ther all the Spaniards when they were in their Sleep.

When the Spanih Governour heard this, he calls to William Atkins, How Seignior Atkins, says he, would you murther us all? What have you to say to that? That hardened Villain was so far from denying it, that he said it was true, and G--d d--m him they would do it still before they had done with them. Well, but Seignior Atkins, says the Spaniard, What have we done to you, that you will kill us? And what would you get by killing us? And what must we do to prevent you killing us ? Muft we kill you, or you will kill us? Why will you put us to the Necessity of this, Seignior Atkins, says the Spaniard very calmly and smiling,

Seignior Atkins was in such a Rage at the Spaniard's making a Jest of it, that had he not been held by three Men, and withal had no Weapons near him, it was thought he would have attempted to have kill'd the Spaniard in the Middle of all the Company.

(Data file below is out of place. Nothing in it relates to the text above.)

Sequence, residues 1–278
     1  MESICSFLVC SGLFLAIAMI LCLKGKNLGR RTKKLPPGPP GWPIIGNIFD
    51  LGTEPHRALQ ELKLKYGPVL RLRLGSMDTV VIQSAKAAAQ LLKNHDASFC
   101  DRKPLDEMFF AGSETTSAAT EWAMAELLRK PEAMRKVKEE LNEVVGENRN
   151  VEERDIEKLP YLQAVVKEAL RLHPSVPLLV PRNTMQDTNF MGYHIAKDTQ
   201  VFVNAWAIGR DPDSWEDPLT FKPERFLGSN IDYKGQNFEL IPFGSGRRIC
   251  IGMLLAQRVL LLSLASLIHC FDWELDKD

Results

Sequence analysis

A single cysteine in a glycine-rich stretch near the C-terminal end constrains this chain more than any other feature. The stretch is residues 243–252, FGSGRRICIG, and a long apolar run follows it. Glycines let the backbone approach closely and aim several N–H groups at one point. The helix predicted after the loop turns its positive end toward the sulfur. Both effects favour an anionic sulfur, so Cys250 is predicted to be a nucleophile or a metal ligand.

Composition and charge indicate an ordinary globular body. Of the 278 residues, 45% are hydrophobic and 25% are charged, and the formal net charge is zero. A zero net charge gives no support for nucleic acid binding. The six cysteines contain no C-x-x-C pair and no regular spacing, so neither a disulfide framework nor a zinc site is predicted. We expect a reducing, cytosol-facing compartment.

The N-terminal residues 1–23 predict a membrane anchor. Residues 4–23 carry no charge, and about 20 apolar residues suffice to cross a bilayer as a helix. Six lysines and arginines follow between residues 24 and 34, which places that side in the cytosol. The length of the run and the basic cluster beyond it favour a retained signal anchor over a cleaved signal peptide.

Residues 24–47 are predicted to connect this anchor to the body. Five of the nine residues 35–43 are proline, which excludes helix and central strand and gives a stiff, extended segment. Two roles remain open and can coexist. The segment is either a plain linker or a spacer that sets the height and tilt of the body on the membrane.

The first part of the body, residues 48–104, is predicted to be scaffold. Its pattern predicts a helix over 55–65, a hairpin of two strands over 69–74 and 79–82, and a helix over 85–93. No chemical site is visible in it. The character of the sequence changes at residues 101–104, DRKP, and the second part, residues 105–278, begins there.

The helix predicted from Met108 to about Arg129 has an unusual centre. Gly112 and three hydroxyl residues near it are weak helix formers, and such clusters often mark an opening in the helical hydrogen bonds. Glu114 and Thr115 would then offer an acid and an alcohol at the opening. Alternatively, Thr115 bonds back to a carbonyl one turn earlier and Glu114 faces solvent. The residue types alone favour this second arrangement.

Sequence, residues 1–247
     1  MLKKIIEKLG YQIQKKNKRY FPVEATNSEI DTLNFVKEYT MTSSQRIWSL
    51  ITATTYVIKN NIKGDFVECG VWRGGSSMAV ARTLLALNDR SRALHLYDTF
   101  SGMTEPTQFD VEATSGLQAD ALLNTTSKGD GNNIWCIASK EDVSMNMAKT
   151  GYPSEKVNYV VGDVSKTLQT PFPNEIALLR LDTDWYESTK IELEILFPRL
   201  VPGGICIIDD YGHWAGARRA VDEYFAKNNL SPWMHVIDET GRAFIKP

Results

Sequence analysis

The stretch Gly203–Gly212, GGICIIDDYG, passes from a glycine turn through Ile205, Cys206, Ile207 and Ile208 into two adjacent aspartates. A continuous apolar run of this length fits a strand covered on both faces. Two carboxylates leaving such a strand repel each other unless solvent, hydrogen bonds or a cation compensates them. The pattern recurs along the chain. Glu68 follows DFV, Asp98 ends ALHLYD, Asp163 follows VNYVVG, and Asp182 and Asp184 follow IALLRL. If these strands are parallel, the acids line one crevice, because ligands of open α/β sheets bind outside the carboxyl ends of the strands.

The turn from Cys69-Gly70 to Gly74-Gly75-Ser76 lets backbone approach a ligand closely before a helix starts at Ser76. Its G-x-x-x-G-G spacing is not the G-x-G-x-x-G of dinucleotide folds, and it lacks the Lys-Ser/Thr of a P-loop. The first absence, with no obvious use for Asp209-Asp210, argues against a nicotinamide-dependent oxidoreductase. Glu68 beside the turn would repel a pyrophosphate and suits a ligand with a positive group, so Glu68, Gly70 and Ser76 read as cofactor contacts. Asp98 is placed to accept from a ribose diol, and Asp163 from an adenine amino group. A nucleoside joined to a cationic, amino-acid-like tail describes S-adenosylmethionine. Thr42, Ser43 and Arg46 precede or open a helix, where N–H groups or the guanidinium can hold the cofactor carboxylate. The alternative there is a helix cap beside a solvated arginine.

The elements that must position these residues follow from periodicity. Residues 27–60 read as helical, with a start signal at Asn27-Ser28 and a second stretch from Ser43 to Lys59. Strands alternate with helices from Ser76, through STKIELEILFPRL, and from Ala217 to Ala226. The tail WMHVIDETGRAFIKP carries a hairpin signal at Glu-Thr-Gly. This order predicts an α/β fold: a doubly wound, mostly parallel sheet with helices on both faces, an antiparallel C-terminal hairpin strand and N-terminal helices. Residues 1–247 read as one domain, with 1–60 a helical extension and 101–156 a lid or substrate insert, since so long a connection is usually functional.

This hair-brain’d Carriage oblig'd them to consider seriously what was to be done; the two Englijb Men and the Spaniard who sav'd the poor Savage was of the Opinion, they should hang one of the three for an Example to the rest, and that particularly, it should be he that had twice attempted to commit Murther with his Hatchet, and indeed there was some Reason to believe he had done it, for the poor Savage was in such a miferable Condition, with the Wound he had receiv'd, that it was thought he could not live.